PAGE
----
In 2009 I had a run of bad health. I got stung by a bee, it got infected, and then I did a round of antibiotics. The antibiotics wiped me out and while I was sick I agreed to getting a tetanus boost which overloaded my system. A few weeks later I had raging tinnitus, digestive problems, heart palpitations and I thought I was dying. I started trying all kinds of things to fix myself not knowing what was wrong, including low carb. I went low carb for a long time and lost a bunch of weight but felt awful. One day for a lark, I googled "high sugar diet" and found Ray Peat.
Ray Peat was a retired biologist that lived in Oregon. He believed that helping the body make energy was critical. The best way to do that according to Ray was to eat lots of sugar, protein, and fat soluble vitamins like Vitamin A, K, E, and D. He was a pioneer of the idea that red light had special benefits and that seed oils are toxic, that cancer and diabetes were metabolic conditions that could be treated by treating the thyroid.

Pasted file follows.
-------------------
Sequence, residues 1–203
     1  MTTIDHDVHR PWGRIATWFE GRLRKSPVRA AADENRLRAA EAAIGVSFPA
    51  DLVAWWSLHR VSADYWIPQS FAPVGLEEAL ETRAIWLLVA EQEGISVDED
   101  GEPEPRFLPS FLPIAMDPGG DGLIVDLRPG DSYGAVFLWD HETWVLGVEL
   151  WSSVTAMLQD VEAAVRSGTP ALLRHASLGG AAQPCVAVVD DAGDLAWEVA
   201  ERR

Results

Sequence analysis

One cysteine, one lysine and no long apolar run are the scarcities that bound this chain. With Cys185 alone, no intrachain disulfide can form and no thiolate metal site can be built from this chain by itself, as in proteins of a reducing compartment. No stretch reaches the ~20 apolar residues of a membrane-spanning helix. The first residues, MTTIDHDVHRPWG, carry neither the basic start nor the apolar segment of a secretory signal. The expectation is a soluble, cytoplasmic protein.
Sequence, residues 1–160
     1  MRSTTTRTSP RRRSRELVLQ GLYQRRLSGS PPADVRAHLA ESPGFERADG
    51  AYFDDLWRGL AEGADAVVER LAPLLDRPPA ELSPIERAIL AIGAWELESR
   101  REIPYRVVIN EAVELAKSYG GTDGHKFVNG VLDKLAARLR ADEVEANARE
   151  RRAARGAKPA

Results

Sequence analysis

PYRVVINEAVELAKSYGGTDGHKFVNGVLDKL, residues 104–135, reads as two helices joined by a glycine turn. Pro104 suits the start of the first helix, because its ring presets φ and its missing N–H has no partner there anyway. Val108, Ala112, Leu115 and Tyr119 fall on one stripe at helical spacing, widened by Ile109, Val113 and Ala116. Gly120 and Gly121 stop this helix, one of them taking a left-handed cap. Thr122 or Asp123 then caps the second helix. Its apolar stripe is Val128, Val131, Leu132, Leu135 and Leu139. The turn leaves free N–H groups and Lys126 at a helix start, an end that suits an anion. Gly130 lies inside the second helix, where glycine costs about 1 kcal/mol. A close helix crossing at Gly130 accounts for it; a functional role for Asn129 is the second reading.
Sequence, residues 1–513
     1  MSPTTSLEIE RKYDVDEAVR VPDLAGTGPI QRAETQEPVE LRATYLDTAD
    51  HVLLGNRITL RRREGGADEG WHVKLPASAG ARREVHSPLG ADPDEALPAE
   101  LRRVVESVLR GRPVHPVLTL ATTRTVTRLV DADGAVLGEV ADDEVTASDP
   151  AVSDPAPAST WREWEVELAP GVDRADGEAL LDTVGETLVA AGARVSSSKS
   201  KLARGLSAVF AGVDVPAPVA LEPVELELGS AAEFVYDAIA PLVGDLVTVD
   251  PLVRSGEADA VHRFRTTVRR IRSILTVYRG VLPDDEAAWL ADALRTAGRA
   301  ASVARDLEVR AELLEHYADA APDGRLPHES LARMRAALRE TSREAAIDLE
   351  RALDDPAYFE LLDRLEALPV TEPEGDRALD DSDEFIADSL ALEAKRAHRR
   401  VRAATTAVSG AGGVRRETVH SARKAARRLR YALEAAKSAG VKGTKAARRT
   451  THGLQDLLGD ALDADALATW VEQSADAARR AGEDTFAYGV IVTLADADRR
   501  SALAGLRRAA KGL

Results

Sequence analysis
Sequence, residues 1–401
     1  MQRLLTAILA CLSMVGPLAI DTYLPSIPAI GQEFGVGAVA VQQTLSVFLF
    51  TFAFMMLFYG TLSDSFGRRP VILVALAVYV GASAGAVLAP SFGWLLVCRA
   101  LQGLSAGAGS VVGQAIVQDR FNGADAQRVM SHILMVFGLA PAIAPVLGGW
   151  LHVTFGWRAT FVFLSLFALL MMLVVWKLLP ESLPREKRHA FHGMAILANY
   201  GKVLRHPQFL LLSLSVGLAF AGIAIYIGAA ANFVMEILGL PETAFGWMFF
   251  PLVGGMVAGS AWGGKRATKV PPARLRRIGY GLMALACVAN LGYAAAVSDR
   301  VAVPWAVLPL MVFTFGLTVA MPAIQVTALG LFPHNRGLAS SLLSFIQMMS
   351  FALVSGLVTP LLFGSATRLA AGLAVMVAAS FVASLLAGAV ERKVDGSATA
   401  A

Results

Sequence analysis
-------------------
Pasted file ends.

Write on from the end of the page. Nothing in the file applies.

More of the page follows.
Ray was criticized by a lot of people for his fringe ideas but I think he was way ahead of his time on a lot of it. The most impressive part of Ray's behavior was that he sold only a few products. These were his books, which were in the process of being digitized and reprinted for the entire 13 years I kept up with him. They were never available to purchase. He also had a newsletter, to sign up you had to mail cash in an envelope to his PO box. Finally, a progesterone supplement which I don't think he had been involved with for many years. Every article, hundreds of hours of podcasts, he gave away for free. More than that, his email address was right on his website and he would write back if you emailed him a health question. He must have spent hours per day replying to people. Over the years people even built a repository of his responses and it was always encouraged by the community to check for an answer before emailing Ray, but he'd write back anyway.
I follow Danny Roddy who is sort of an heir of Ray's legacy and work, one of many in the community who follow in Ray's footsteps. He put together a call in show and I watched all 3 hours of it. Grown men called in crying, but what really got me was the number of people who said they would call Ray and chat with him on the phone regularly. A number of callers said Ray saved their lives. All in all even if people disagreed with Ray, he wasn't in it for the money. He literally just wanted to help people the best way he could. They don't make people like that anymore.